Macroeconomic Policy, European-Style

Last Spring President Obama tried to talk German Chancellor Angela Merkel into continuing massive deficit spending to support the sagging economy. Quitting now, Obama argued, would cut the recovery short and risk major economic problems. A more sluggish German economy would slow world recovery, including recovery in the U.S. Merkel’s response was that narrowing deficits and showing some fiscal responsibility was the better road to recovery.

If Merkel had bought Obama’s argument, these major players would have been on the same page, and we could legitimately ask, even though the recovery is stalling, whether things might not have been even worse without the federal government’s stimulus. But Merkel didn’t buy the argument, so we can compare the U.S. recovery, where the strategy has been continued deficit spending and more fiscal stimulus to prop up the weak economy, with the German recovery, where fiscal policy has turned to fiscal responsibility and moving toward balanced budgets.

Figures announced this week show that in the second quarter the U.S. economy grew at a 1.6% annual rate. Economic growth in the 16-nation euro zone was 3.9%. That includes Greece, Spain, and Portugal, who are part of that 16-nation group. Germany, by itself, grew at a 9% annual rate.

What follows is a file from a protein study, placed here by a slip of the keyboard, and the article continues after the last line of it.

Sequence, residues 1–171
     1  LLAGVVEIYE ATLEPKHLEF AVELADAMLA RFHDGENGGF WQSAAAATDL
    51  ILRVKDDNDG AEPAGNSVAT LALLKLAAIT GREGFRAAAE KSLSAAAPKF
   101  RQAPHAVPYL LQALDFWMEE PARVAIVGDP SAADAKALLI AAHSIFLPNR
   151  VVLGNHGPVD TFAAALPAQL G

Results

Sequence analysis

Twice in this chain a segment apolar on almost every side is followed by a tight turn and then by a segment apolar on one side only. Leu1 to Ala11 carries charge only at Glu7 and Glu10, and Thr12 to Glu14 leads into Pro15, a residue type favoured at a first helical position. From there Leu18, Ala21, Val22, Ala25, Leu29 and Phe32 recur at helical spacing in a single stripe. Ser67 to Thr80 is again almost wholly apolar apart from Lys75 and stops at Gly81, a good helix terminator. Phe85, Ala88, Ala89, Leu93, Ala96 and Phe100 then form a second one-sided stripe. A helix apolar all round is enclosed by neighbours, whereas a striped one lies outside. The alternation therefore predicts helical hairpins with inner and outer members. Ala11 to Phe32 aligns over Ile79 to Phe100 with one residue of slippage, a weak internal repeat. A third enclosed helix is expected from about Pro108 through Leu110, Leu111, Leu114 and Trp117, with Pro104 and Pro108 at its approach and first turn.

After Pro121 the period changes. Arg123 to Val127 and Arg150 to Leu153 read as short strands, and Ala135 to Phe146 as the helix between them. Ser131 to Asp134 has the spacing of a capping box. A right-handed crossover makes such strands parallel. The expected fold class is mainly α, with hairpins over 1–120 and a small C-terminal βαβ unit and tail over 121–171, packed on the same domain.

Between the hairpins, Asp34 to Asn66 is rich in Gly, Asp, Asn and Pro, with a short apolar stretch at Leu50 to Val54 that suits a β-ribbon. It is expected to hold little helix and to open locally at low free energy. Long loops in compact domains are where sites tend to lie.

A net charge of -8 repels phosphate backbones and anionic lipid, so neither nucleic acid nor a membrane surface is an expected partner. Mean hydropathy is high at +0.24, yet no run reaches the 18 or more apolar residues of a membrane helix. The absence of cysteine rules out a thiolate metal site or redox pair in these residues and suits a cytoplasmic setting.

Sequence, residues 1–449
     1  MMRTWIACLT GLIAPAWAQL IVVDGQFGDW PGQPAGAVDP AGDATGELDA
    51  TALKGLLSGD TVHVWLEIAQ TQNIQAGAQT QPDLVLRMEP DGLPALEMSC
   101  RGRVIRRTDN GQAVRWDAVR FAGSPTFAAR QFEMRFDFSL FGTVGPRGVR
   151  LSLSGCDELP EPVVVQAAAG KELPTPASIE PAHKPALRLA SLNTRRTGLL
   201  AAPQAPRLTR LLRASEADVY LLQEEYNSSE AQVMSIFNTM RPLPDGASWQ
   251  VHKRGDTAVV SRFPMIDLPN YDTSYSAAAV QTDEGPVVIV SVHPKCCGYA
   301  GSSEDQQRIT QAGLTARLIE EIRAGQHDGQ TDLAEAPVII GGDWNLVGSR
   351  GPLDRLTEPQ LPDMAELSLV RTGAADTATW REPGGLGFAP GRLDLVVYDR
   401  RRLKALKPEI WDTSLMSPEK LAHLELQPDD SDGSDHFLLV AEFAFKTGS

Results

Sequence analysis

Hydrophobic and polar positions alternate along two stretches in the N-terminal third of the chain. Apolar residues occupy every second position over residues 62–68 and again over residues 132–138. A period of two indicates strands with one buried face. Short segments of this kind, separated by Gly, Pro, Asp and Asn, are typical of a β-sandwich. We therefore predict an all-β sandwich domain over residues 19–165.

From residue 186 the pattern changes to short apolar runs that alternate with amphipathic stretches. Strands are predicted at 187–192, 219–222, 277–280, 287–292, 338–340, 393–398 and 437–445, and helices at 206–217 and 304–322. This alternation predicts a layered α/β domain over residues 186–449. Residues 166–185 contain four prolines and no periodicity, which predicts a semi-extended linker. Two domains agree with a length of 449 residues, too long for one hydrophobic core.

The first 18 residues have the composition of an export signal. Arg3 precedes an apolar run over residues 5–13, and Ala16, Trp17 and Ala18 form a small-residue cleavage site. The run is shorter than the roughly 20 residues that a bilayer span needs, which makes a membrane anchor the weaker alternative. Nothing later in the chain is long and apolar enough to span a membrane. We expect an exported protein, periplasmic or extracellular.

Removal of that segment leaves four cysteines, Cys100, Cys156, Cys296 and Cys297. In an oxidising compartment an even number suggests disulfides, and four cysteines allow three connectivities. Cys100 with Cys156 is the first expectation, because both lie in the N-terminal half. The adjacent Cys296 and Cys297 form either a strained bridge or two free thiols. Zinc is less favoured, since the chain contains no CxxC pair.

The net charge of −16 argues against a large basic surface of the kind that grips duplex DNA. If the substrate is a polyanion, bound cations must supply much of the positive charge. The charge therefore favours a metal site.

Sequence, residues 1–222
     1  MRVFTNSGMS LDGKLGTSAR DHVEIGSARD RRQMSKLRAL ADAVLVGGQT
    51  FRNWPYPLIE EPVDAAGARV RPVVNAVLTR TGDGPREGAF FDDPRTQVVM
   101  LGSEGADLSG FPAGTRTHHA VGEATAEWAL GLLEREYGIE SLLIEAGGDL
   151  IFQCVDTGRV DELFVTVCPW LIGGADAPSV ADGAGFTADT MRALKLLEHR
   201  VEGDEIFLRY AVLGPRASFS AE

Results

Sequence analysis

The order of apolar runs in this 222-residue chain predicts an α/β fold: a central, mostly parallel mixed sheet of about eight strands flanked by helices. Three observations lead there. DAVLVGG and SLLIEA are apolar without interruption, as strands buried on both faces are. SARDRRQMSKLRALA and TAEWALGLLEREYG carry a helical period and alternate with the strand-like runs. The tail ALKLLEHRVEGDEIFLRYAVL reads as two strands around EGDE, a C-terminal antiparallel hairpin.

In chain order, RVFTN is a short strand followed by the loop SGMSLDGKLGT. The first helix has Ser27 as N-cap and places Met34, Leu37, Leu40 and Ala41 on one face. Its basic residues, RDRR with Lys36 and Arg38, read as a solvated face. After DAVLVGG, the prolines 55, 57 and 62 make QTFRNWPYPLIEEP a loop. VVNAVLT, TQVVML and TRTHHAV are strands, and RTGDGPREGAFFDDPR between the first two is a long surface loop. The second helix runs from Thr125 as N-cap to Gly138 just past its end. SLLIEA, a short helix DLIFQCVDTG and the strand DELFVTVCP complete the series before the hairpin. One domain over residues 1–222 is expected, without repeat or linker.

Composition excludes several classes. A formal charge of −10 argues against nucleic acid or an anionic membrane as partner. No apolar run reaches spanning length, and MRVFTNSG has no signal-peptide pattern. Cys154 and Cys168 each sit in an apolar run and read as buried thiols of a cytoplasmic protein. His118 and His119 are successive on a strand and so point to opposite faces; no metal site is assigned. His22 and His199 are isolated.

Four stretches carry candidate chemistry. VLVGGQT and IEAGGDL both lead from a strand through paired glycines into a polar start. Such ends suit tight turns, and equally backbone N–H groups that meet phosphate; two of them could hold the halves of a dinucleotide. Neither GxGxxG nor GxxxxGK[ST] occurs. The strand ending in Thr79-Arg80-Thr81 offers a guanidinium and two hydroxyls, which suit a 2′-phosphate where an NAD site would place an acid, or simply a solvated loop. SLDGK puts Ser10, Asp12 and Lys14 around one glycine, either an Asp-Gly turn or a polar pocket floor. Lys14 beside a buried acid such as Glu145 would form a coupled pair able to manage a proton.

Is the Obama stimulus package working? One way to judge is to compare US economic growth with economic growth in Germany, where Chancellor Merkel has rejected deficit spending for stimulus as fiscally irresponsible. In last Spring’s debate on economic policy between Obama and Merkel, the evidence appears to tilt toward Merkel.

Randall G. Holcombe is a Research Fellow at the Independent Institute, the DeVoe Moore Professor of Economics at Florida State University, and author of the Independent Institute book Liberty in Peril: Democracy and Power in American History.
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